Is There a Perfect Coffee Brewing Temperature? According to the National Coffee Association, the ideal water temperature for extraction is between 195°F and 205°F, which is a little below the boiling point of water — 212°F.Do you cook a roast at 325 or 350? ›
The perfect temperature to roast at (after searing) is 325 °F.
We recommend a temperature of 195-200 °F / 90-93 °C for a tender and juicy roast.How many minutes per pound do you cook a roast at 325? ›
Reduce the heat to 325°F. If your roast is 4 pounds, roast it for 1 hours 45 minutes more for medium, or 2 hours for medium well done. If your roast is more or less than 4 pounds, roast it for approximately 25 to 30 minutes per pound for a medium roast.Can you preheat too long? ›
It is possible to preheat for too long? If you preheat the oven for longer than necessary, you will have wasted energy, but your baking results will not be harmed because the oven continues to cycle on and off to maintain the set temperature.How long does it take to preheat to 400f? ›
Every appliance is different, but it takes an average of 20 minutes for an oven to reach an internal temperature of 400 degrees. Your oven might heat up faster if you have a gas appliance or newer model. Stay close to your oven to see its internal temperature so you can place your food inside as soon as it's preheated.How long should preheating be done? ›
8-10 minutes of preheating is usually the right amount of time needed for your oven to come up to a temperature of 160-180 degree celsius at which most baking is done. However if you are baking at a temperature higher that say at 200C you might want to increase the preheating time by 4-5 minutes more.How much does temperature affect a bullet? ›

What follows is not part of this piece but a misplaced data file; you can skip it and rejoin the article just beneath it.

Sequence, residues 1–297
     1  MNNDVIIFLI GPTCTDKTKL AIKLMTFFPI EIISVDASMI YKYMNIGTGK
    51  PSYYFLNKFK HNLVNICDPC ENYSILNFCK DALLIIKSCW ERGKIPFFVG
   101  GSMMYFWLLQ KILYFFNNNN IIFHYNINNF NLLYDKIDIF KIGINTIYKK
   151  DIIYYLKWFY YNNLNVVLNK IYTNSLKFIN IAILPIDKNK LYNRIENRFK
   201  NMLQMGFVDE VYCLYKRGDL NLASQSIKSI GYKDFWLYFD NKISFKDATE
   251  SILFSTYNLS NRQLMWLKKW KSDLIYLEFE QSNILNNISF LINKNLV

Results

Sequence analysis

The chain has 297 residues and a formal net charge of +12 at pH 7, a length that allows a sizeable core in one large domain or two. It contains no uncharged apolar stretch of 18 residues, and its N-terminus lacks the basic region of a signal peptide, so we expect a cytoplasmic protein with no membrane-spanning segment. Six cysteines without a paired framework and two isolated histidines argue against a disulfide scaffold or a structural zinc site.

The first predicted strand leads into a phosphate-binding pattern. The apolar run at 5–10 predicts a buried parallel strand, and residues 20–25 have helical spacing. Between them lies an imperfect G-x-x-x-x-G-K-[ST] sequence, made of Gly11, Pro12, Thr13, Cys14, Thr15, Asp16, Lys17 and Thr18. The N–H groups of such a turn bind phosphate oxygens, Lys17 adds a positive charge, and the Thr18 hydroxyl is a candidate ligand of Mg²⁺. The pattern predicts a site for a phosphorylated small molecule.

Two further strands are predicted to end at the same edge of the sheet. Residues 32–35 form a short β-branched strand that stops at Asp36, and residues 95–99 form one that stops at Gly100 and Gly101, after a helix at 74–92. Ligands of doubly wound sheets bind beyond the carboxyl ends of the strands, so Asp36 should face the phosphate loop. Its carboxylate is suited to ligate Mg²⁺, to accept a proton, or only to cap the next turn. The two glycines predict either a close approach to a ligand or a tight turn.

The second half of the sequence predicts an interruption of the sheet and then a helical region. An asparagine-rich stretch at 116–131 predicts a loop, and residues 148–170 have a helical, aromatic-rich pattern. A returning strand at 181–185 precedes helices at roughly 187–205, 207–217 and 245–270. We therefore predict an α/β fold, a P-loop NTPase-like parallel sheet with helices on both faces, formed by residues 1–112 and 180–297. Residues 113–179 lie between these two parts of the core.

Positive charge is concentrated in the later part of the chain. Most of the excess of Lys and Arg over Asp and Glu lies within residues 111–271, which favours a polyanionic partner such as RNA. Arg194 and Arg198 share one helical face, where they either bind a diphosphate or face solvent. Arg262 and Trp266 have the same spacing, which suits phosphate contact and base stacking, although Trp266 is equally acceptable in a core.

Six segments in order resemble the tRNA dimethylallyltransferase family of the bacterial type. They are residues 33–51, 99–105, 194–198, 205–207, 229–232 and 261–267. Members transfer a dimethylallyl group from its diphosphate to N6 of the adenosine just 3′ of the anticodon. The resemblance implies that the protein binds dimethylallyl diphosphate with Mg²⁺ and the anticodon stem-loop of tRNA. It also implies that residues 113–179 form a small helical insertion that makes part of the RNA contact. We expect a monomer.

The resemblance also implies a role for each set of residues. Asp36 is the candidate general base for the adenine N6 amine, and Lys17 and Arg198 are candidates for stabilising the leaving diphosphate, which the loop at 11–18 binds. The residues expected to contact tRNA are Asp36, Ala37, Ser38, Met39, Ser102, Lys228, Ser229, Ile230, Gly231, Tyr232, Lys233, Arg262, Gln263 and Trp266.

Rule of thumb if you are using non temperature stable powders, is a 1% change in bullet drop for every 10 degrees… maybe 5 degrees depending on the powder. If you are using temperature stable powders then the effect of temperature is approximately 1% per 20 degrees.Does dark roast mean stronger coffee? ›
Dark roasts, with their bolder, gustier taste are typically seen as carrying a more substantial caffeine punch than light roasts. However, the stronger-tasting brews aren't actually an indicator of their caffeine content. Light roast coffee has approximately the same caffeine content as dark roast coffee per bean.What roast of coffee is the smoothest? ›
Medium roasts typically make for the smoothest and most traditional tasting experience. The most preferred roasts in America fall into this range, and we recommend this roast if you are looking for a more conventional-tasting coffee.Does letting coffee steep longer make it stronger? ›
24 hours: The rule for cold brew is the longer you steep, the stronger your brew. Maxing out the steep time on this coffee will yield a bold, caramel-forward brew. The cherry flavors will still be around, but it'll be a little trickier to find them.Which coffee roast is most bitter? ›
Dark Roast Coffee Features
Unlike medium-dark roasts that have a bittersweet taste, dark roasts will have a substantial bitterness to their taste. This is also because the flavors from the bean's origin have been lost to the roasting process.
The most concentrated coffee type is a ristretto – this contains relatively the highest level of caffeine. However, a lungo is larger and thus contains more caffeine than a ristretto. Based on concentration levels of caffeine, these would be the strongest coffee types: RISTRETTO.What color coffee roast has the most caffeine? ›
Let's dispel the most common myth right off the bat: A dark-roasted bean contains more caffeine than a light-roasted bean due to its stronger flavor. Not true. Actually, the caffeine content in both is virtually the same.What temperature is first crack? ›